Spring is a busy time of year for our farmers and ranchers and this year is no different. What is different however is the impact that COVID-19 has had on our rural communities. With kids home and schooling from home, some farm/ranch spouses working from home or not able to work at all, the stress is very real for many. Those of us in agriculture know the work we do to produce food for the world is essential but be sure to take precautions to protect you and your family during these uncertain and unprecedented times.
Recently I came across an article written by Brian Van Der Ley, Veterinary Epidemiologist Extension Specialist with Nebraska Extension. He provided the following are guidelines and recommendations that can be used to implement COVID-19 control in agricultural systems.
- Stay Informed
Follow federal, state, and local direction to reduce personal risk for contracting COVID-19 and to limit further transmission if you or your employees become infected. Stay informed at cdc.gov/coronavirus/2019-ncov
- Make a written plan by addressing the following:
- What are the essential activities of the operation? (Feeding, farm work, etc.)
- Who is primarily responsible for completing those activities?
- How those activities are accomplished? (What basic skills are needed for the activity)
- Who is available to complete those tasks if the primary individual becomes unavailable?
- How may essential activities have to be modified if primary individuals are unavailable?
- Write down the plan in as much detail as possible and make team members aware of the plan to insure continuity of business if COVID-19 infections begin to have a direct impact that disrupts normal management channels. Consider worst case scenarios for this situation (e.g. all team members are in quarantine due to exposure) and how essential operations can continue (e.g. asymptomatic team members self-quarantine at the operation to continue operations) and the logistics required for that plan.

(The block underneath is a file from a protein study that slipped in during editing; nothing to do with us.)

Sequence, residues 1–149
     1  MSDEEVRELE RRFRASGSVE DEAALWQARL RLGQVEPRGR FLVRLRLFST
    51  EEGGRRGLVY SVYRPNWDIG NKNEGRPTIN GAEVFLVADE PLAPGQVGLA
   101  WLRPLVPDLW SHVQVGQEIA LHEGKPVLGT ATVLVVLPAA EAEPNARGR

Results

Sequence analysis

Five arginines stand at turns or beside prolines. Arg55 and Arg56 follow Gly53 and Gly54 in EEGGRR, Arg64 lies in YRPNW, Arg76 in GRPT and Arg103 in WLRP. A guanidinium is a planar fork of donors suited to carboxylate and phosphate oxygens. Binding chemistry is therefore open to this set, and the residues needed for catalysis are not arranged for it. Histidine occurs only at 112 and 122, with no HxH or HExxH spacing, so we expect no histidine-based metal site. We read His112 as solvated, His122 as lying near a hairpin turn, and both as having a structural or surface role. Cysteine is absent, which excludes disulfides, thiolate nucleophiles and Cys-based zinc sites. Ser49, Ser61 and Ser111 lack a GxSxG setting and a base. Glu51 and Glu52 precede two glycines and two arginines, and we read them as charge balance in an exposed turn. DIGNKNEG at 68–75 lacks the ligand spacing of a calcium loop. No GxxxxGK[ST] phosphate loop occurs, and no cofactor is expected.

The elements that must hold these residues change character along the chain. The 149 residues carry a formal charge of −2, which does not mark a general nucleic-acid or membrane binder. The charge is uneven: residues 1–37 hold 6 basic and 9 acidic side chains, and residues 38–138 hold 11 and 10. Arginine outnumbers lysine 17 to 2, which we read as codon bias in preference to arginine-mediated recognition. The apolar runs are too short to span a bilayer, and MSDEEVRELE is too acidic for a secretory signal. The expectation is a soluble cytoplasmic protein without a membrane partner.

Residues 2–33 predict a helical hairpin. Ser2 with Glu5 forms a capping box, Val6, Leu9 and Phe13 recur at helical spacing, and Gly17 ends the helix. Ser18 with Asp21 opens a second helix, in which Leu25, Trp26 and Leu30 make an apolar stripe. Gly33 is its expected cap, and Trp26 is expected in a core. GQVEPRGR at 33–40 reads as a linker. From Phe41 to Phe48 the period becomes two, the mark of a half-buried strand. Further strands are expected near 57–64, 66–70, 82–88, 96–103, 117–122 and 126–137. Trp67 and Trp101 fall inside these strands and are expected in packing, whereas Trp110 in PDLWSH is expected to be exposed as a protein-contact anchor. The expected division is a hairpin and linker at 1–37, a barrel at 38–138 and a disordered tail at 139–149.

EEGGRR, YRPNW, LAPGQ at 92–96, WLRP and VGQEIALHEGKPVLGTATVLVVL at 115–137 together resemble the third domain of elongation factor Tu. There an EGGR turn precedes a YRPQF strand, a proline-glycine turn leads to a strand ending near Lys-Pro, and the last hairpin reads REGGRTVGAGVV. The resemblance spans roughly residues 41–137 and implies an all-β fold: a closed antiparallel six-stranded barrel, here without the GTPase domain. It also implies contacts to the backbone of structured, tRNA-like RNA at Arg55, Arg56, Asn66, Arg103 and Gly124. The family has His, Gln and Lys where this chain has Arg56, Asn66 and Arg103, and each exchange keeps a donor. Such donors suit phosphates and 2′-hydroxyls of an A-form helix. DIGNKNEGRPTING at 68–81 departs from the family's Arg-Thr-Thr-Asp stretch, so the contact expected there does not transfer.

- Develop plans to separate the teams/family members/hired personnel to prevent transmission. Separate duties and use personal distancing of employees while at work and not at work. Examples – processing livestock, filling planters, brandings, etc.
- Hold Virtual Meetings
Consider conducting employee meetings virtually – ZOOM, FaceTime, others. If in person, follow CDC guidelines.
- Clean High Touch Areas
Limit use of common areas-use only with social distancing and hygiene guidelines going into and coming out of high touch areas, like meeting rooms, common kitchens, common restrooms, sinks, refrigerators, etc.
- Clean and disinfect high touch areas frequently
- Bleach may be used to disinfect surfaces, but the concentration is higher for COVID-19 than for everyday sanitation: 5 tablespoons bleach per gallon of water
- Clean Vehicles, Tractors, Implements, and Tools.
- Place hygiene supplies (hand sanitizer, disinfect and/or disinfectant wipes in equipment and other shared areas (e.g. shop). When changing operators/users – when entering and leaving or before and after use.
- Disinfect hands using sanitizer.
- Disinfectant all high touch areas (e.g steering wheel, control handles, door handles, syringes, etc.)
- Consider disposable covers for porous surfaces like seats and other upholstered surfaces.
- Allow for 3 hour down-time to allow virus to die in confined spaces (e.g. cabs), if possible.
- Communicate with People Coming to your Location (consultants, veterinarians, dealers, mechanics, etc.)
- Set up appointments that include time, meeting place, and a plan for transmission control (social distancing, cleaning/disinfection, personal protective equipment, etc.)
- Confirm that individuals are feeling well and have not traveled to high risk locations prior to departure for visit.
- Coordinate Delivery of Products and Inputs (feed, medicine, supplements, pesticides, others).
- Develop non-contact delivery methods (e.g. drop off locations)
- Wash hands after handling packaging, consider wearing gloves.
- Consider disinfection of non-porous packaging.
- For deliveries that require person-to-person interaction:
- Develop physical reminders for social distancing (tape on floor, barriers, etc.)
- Practice hand sanitizing/washing before and after interaction
- Inventorying and back-up planning essential.
- Identify essential supplies and consider increasing inventory
- Develop contingency plans if essential supplies become unavailable
(Source: IANR News & author: Brian Van Der Ley, Veterinary Epidemiologist Extension Specialist with Nebraska Extension)